1995. See id. § 70.001(3)(c)(10); see also Fla. H.R. Comm. on Judiciary, CS for HB 863
(1995) Staff Analysis 6 (May 23, 1995) (on file will comm.).
    19. See FLA. STAT. § 70.001(3)(b) (1995).
    20. See id. (“The term ‘existing use’ means an actual, present use . . . which [is]
normally associated with . . . such reasonably foreseeable, nonspeculative land uses which
are suitable for the subject . . . property and compatible with adjacent land uses . . . .”).
    21. See id § 70.001(3)(a).
    22. See id.
Spring 1997]                 FLORIDA PROPERTY RIGHTS                                  251

    The concept of an inordinate burden is perhaps the element of
the Act that has created the most speculation among local govern-
ments, planners, landowners, and the legal community. According
to the Act, an inordinately burdened landowner is one whose use
of real property has been restricted or limited to a certain extent by
a government action.23 Two independent conditions are evaluated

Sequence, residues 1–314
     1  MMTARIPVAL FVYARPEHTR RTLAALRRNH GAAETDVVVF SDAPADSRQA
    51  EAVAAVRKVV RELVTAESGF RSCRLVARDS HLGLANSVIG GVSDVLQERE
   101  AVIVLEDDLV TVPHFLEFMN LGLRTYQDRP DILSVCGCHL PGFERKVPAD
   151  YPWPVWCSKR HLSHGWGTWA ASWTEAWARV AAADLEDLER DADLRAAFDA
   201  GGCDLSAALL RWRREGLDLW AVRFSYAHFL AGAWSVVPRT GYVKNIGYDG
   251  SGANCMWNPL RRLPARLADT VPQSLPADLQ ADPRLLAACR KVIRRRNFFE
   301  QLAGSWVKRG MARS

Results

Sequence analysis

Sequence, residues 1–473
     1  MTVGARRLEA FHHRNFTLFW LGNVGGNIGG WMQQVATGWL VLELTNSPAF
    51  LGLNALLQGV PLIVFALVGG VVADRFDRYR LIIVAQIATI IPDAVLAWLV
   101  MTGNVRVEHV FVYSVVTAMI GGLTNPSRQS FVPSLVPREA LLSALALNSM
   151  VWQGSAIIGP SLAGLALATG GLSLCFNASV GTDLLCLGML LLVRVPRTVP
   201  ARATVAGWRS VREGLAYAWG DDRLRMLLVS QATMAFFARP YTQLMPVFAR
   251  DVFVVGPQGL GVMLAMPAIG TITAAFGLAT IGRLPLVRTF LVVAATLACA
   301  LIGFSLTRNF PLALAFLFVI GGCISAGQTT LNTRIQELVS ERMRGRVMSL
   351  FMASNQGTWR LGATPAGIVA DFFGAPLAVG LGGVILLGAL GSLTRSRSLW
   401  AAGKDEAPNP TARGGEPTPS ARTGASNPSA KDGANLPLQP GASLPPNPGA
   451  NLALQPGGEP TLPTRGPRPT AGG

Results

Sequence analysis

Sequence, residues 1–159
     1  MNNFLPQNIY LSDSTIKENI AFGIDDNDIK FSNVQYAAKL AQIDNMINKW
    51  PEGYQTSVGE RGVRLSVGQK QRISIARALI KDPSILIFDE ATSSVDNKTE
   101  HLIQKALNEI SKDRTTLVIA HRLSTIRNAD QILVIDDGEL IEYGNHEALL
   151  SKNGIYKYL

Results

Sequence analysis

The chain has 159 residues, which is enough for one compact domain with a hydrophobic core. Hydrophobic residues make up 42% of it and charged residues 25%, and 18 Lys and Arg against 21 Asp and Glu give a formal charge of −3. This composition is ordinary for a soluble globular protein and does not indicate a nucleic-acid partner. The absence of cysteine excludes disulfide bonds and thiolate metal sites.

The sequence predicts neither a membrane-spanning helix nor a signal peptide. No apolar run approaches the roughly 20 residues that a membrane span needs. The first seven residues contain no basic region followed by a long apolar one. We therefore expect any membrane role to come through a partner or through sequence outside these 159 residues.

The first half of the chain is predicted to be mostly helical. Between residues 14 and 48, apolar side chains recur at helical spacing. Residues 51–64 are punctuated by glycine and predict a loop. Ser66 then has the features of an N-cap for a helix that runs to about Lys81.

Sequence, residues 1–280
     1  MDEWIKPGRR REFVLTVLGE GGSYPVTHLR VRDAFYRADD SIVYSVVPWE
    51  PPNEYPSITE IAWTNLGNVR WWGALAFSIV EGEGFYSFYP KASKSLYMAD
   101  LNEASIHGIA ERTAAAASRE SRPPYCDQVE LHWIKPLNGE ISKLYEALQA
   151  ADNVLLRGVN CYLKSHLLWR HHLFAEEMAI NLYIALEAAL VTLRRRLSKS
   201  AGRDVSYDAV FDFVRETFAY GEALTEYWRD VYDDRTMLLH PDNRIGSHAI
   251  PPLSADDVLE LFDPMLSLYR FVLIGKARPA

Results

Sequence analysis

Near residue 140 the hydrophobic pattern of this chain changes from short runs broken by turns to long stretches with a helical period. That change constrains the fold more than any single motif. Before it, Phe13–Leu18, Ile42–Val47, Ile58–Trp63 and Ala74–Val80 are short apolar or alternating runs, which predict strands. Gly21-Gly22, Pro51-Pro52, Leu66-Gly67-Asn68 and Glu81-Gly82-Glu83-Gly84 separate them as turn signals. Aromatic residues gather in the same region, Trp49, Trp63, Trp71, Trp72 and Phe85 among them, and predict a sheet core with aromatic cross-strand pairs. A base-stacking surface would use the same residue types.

to determine what constitutes an inordinate burden.24 To satisfy
the first condition, the effect of the action must permanently restrict
the use of real property to the extent that the landowner is unable
to realize reasonable, investment-backed expectations. 25 To satisfy
the second condition, a regulation must leave the owner with an
unreasonable use of property such that the “owner bears
permanently a disproportionate share of a burden imposed for the
good of the public.”26
    Although the Act clearly identifies situations where the Act is
inapplicable,27 its provisions are less specific in describing
conditions in which the Act is applicable.28            Consequently,
depending on how a reasonable, investment-backed expectation is
defined and the determination of when a landowner permanently
bears a disproportionate share of the burden imposed for the good